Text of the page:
When you’re getting started, you do too much work, and not the right kind of work, because you’re all over the place. You have good intentions, but it’s only by gradual evolution that you hone your methods, and you see what’s of value and what’s not. I actually believe in this progression of the learning curve, but I also believe that learning curves shouldn’t be too whimsical and easy. I think they should be as steep as hell. As I have written before, a life without steep learning curves is no life at all. Go ahead: dive into the deep end. Grit your teeth and jump. Take no prisoners while you’re at it. That means, set your goals high. It’s much easier to pitch something that’s got bells and whistles, a holy grail… so long as you have a chance at bringing it in. There’s something important to mention here… and it was the bane of my life for a long, long while. It’s that if you pitch something to ANYONE, except something like the Blandford Forum Gazette, they are going to ask you who you’ve written for before. And of course the truth is that you’ve never written for anyone, except your Cub Scout Magazine when you were nine. In the days of old, you could promise clippings which never quite made it because of the mail system. But these days editors expect hot links to web pages. You can send them blog links, but they’re still a bit haughty when it comes to blogs. So you can try and get some articles, small pieces, up on the web, or at least a page for yourself on Wikipedia. It means that when you’re googled, you’ve got a presence. So… yes, it’s a fabulous steep learning curve to try riding the metaphorical bucking bronco on day one. It means that on day two you’re going to be far less raw, even if you’ve been knocked around a bit. But you’ll be on your way.



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The Story

Bear this in mind. Get it tattooed on your back in mirror writing if you can stand to: ‘It’s all about telling the story’. Writing and journalism are about telling the story in such a way that people will listen. It’s about making an impression, and that means it’s about telling the story in a way that will keep them hooked. Sometimes before I write the story or the anecdote down, I’ll tell it verbally to a few friends. I’ll tell it in various ways, keeping the facts the same, and see which telling gets the most dramatic response. When you call an editor, or email one as we now tend to do, you have to deliver the knockout blow. Journalism 101 teaches you that news is not DOG BITES MAN, but ‘MAN BITES DOG’.  And remember that. If there’s any space left on your back, get it tattooed on there too. In the next few days I’ll probably talk about some of the feature work I did. I used to specialise on stuff that got editors flushed with excitement… and I used to promise the articles that were near impossible to bring in. But somehow I’d always manage. So what I’m saying here is to plan the story you’re going to pitch with care. If it’s some tired old has-been story, then revamp it… package it in a new way. Put a spin on it. Tell it with a kick. And remember, editors get hundreds, or thousands, of pitches all the time. They are looking for ideas that deliver the knockout punch.



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Getting Started

So, you take the ‘Tahir Shah crash course to writing’, which is essentially getting published as a journalist with a target of hitting a mainstream newspaper or magazine… and here you are, wondering how to start. The first mistake that everyone makes is that they think ‘OK I’ll give those bloody editors something fabulous and they’re thickos if they don’t take it’. You get my drift. It’s a mistake because editors know what they want. They know it so well that they will only take material (unless it’s a scoop description of Michael Jackson naked covered in honey and feathers standing alone on the Bay Bridge), if it’s in their format. Over the next few days I’ll talk more about formats and how to get an article planned. But the important thing here — and really the key point — is to buy yourself a copy of the newspaper or magazine you want to write for, and analyse five articles. Really look at them, and make notes on where there’s description, raw information, characters, themes and all that. Because writing’s all about packaging. And if I want to sell an editor something, I need to package it in a way that they will find appealing… in a way in which they’ll be ready to receive it.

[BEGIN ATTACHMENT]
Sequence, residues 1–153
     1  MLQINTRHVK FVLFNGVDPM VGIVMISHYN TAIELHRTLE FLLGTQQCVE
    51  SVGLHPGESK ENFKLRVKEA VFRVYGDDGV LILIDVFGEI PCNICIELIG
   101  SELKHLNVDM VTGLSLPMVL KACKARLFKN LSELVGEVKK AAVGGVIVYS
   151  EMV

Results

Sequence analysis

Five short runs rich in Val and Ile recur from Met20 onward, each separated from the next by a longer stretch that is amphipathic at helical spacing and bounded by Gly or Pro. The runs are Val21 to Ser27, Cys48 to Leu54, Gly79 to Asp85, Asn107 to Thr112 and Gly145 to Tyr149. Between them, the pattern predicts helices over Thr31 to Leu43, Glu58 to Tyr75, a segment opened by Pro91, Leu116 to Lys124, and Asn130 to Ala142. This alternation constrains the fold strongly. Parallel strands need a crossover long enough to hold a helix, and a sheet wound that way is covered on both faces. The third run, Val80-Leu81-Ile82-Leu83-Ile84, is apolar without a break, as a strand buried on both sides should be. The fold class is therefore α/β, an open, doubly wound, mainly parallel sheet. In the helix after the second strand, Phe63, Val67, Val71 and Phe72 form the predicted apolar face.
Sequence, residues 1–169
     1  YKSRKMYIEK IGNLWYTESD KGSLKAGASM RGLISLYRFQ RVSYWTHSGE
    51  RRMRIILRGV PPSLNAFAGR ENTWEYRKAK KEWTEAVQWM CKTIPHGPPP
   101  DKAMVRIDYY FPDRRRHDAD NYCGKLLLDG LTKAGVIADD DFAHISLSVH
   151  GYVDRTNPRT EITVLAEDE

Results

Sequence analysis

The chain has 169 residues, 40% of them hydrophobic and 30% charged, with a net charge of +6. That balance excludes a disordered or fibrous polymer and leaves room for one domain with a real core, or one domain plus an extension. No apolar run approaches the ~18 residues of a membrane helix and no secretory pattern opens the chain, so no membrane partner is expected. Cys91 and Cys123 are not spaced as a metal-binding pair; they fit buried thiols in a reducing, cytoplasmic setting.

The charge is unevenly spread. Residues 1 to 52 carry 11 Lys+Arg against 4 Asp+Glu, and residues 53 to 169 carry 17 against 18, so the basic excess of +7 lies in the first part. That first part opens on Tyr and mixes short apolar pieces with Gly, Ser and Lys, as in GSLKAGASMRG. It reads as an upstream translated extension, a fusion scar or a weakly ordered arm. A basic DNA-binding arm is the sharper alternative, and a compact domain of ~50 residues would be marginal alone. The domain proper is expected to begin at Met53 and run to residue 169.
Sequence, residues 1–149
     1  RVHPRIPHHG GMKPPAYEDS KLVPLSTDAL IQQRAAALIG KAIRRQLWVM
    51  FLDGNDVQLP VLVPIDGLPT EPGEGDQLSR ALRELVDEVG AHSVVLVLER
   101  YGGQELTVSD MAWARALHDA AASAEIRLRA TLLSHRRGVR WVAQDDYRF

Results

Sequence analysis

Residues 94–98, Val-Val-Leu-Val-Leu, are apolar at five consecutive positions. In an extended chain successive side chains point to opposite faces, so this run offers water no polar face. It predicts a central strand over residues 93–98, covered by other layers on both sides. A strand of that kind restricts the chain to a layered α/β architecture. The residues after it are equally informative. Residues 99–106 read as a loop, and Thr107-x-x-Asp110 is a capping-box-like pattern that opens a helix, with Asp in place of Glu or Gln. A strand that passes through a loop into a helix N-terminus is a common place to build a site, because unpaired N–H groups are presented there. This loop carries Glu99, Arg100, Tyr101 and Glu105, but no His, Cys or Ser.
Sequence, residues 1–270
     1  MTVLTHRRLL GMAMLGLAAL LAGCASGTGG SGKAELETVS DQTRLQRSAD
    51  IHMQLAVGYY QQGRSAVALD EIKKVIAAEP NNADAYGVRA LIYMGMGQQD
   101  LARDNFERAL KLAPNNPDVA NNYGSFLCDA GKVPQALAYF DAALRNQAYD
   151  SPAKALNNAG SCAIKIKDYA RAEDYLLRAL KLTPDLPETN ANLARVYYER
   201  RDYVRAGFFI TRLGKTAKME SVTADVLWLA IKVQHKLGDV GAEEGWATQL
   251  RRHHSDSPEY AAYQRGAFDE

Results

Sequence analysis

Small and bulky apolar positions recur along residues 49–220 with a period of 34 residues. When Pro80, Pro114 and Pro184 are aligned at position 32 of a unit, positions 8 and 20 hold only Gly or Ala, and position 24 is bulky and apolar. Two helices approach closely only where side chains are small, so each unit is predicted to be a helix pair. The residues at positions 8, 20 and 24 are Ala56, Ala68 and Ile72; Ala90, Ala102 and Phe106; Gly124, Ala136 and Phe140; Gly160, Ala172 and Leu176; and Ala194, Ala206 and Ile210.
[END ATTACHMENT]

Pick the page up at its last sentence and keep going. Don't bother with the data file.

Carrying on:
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Journalism

A fantastic way of staying primed and getting published is writing journalism. Over the next few days I’m going to write some postings on what I have come to see as the most powerful way to learn your craft. I often meet people who tell me that they are taking creative writing courses. I usually smile politely but inside I’m cringing. There’s only one positive thing about such courses, and that’s that they give employment to writers who would otherwise be starving… and in that way they’re a great little wheeze. By far the best way to learn the art of writing is to sell your work, and the finest way of starting, and learning, is to be forced to write to the spec of a particular newspaper or magazine. I’ll give some tips in the next few days. But a great thing to know is that by writing for editors (and even by getting work thrown back at you), you are giving yourself a mini crash course… and you’re getting published and paid at the same time.




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Mentors

One of the problems about writing is that you are shut away a lot of the time and you can get the feeling that you’re detached. A bit of being detached is a good thing. Actually, it’s a great thing. But once in a while it’s even better to get a sense of where you are… whether you’re on the right rails. And a way of doing this is, over time, to get to know (preferably personally) a writer who influences you. I have had several great influences, and they have affected me in different ways. Some have touched the way I think, my outlook, and other the way I work. For the kind of life I want to live, Wilfred Thesiger was an enormous influence. I adored his clear reasoning, and the way he never ever ever altered his views depending on the audience. He was consistently politically incorrect, which was so refreshing. He said what he believed and didn’t live a life couched in fear. It was Wilfred who encouraged me to go to Ethiopia, and to go for a walk in the Upper Amazon, where he hinted I would probably meet ‘some interesting fellows’.  Hugh Carless has been another great inspiration to me. He was with Newby on ‘The Short Walk in the Hindu Kush’ (the journey was actually his idea). Carless has the finest conversational delivery I have ever heard, and is quite the most impeccable man I have known. As for writing, my father was an enormous influence. He used to tell me ‘we are basket weavers, Tahir jan, that’s what we do… we weave baskets’. My one memory of childhood is the clicking of a manual typewriter from morning till night. And, as I mentioned the other day, Doris Lessing, who is a writer’s writer. But even more importantly, is her plain-speak. Like Thesiger, she’s not afraid to say what’s on her mind.